LONDON (Reuters) - Oil prices came under pressure on Thursday after the International Energy Agency (IEA) increased its forecast for growth in U.S. oil output next year, raising the prospect of excess supply.
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U.S. West Texas Intermediate futures fell 29 cents to $56.31 a barrel, down from a high of $56.93.
Brent crude futures were at virtually unchanged at $62.45 a barrel at 14.44 GMT, after hitting a session high of $63.14.
The Paris-based IEA said U.S. crude output next year would increase by 870,000 barrels per day (bpd), up from its November forecast of 790,000 bpd.
The change mirrors upward revisions issued by the Organization of the Petroleum Exporting Countries and the United States government.
"The IEA underlined the same take that the U.S. Energy Department had the day before yesterday and OPEC had yesterday," said Bjarne Schieldrop, chief commodities analyst with SEB Bank, adding that further upward revisions might follow.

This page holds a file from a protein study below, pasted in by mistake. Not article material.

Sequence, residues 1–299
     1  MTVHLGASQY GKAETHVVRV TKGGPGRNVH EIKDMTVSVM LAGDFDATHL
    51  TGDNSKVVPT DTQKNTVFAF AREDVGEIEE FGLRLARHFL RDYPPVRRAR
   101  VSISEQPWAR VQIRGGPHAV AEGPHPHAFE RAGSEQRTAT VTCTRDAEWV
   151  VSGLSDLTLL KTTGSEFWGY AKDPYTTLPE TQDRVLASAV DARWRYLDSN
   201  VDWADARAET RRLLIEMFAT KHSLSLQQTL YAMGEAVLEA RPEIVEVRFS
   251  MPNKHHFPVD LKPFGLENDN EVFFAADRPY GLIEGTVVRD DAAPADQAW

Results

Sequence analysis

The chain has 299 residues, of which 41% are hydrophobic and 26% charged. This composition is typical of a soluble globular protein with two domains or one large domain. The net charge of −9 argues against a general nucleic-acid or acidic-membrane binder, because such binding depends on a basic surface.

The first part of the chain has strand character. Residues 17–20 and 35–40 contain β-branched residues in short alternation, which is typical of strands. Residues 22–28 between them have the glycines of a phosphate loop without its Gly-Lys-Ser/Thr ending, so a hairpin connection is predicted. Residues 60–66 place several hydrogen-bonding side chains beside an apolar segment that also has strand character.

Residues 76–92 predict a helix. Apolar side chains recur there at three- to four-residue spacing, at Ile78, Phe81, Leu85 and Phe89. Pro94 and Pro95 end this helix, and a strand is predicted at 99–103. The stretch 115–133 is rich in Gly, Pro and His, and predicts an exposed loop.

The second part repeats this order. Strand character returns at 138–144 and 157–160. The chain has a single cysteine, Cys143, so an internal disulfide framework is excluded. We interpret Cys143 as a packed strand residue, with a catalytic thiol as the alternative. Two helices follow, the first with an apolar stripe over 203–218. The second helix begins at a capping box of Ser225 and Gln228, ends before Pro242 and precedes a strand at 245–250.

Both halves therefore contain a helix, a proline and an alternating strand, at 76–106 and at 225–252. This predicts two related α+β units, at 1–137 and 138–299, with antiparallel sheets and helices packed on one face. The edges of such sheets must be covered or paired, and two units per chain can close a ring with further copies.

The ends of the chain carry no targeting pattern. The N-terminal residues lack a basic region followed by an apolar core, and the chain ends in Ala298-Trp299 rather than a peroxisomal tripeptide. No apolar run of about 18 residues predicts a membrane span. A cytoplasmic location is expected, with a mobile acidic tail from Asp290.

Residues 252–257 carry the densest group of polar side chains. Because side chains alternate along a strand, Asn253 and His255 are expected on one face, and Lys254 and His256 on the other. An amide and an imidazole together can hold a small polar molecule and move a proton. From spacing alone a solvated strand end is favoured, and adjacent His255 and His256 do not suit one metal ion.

With cash pouring into the U.S. shale oil industry, the United States is on track to deliver up to 80 percent of the world's oil production gains through 2025, the IEA estimates.
OPEC revised its estimate for U.S. oil output growth for 2018 to 1.05 million bpd, while the U.S. Energy Information Administration increased its growth forecast to 780,000 bpd.
The IEA expects the oil market to have a surplus of 200,000 bpd in the first half of next year before reverting to a deficit of about 200,000 bpd in the second half. That means 2018 overall should show "a closely balanced market".
For now, Brent prices remain underpinned by an outage on the Forties crude pipeline that is expected to last several weeks.
Operator Ineos declared force majeure on crude oil, gas and condensate deliveries from the pipeline, a source familiar with the matter told Reuters on Wednesday.
A fall in U.S. crude inventories last week also lent some support. Stocks fell by 5.1 million barrels in the week to Dec. 8, the fourth consecutive week of decline, to 442.99 million barrels, the lowest since October 2015. [EIA/S]
(Additional reporting by Henning Gloystein in Singapore; Editing by Larry King)